"I simply had to say my paternosters, for if ever my children need their daily bread it is today," explained Pere Perrin as the two Fathers lingered a little longer than usual over their frugal breakfast.
jWhile he was speaking Lao Liu entered and Handed Pere Perrin a note, stating that it had just come by special messenger from Feng Ti Fu. Pere Perrin opened the letter and read it aloud—the two old men had no secrets from each other. It ran as follows:
Feng Ti Fu.
My dear Pere Perrin,
Our friends in America have sent my colleagues and myself money for famine relief work; the American Red Cross Society has also put supplies at our disposal. On behalf of our station and the Famine Relief Committee, I am sending you five hundred dollars for use in your district; later I hope to increase the amount. You and I realize, Pere Perrin, that hunger knows no creed. With kindest regards for Pere Le Brun and yourself,
Pere Perrin laid the letter down and for a moment could not speak. Then he said, "The hon Dieu never forgets us, Pere Le Brun; surely he has prompted this thought of the benevolent American doctor. I cannot help feeling that he must love our friend especially dearly, for he puts so many kinds things into his heart to do. Do you remember that two years ago, when the doctor operated on my eyes, that he took me into his own house because there was no room in the hospital? And what tender care both he and his wife gave me! I have changed my mind a little about heretics since I knew them. It may be, Pere Le Brun, that when at last we reach heaven's high gate the kind Americans will speak a word for us to good St. Peter."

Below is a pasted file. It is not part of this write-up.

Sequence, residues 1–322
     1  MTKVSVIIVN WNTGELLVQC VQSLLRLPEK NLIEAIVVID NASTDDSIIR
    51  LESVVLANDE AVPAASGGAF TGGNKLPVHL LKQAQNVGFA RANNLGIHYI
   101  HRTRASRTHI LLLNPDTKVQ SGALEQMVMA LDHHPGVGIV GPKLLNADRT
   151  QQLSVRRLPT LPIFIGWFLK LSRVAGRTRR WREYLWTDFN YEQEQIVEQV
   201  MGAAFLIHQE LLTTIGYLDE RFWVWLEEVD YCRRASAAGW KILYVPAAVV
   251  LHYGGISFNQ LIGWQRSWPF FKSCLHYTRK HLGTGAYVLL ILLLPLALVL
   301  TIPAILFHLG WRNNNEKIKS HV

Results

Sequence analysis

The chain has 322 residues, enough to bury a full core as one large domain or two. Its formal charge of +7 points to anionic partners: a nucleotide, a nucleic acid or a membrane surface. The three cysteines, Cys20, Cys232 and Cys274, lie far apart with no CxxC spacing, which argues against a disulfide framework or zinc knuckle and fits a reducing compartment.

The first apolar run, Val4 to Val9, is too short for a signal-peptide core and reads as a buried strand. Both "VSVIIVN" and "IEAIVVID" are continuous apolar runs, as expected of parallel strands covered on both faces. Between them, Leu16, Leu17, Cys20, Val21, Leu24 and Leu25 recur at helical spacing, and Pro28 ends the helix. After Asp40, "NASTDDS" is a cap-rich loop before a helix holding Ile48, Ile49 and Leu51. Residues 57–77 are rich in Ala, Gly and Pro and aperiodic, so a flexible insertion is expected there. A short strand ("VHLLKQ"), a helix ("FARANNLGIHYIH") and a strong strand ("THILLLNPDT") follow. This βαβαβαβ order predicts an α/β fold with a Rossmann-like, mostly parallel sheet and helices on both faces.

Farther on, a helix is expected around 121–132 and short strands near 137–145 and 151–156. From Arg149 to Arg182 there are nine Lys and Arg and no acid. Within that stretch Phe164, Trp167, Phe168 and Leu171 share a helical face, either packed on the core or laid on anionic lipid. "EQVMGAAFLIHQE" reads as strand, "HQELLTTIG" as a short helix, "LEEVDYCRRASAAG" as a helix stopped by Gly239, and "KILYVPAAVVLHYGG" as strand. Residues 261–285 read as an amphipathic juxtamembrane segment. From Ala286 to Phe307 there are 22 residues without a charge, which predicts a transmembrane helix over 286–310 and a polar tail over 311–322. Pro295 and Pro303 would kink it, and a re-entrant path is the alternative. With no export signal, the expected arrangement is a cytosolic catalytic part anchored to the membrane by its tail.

There was little time for talk, however, with the ready money at hand and the poor dying at their doors. With all his gentle ways Pere Perrin had a great deal of executive ability, and it did not take him long to lay out a campaign of relief measures.
"Pere Le Brun, perhaps it would be better for you to go to Wuhu and oversee the work there. I will stay here and forward supplies to you as they come in; you can take two of the lay helpers with you. I shall live in the houseboat at present and be ready to receive the stores as soon as they come up the river; but before you go we must send a wheelbarrow of provisions to the Chang village. I cannot get those poor patient people off my mind."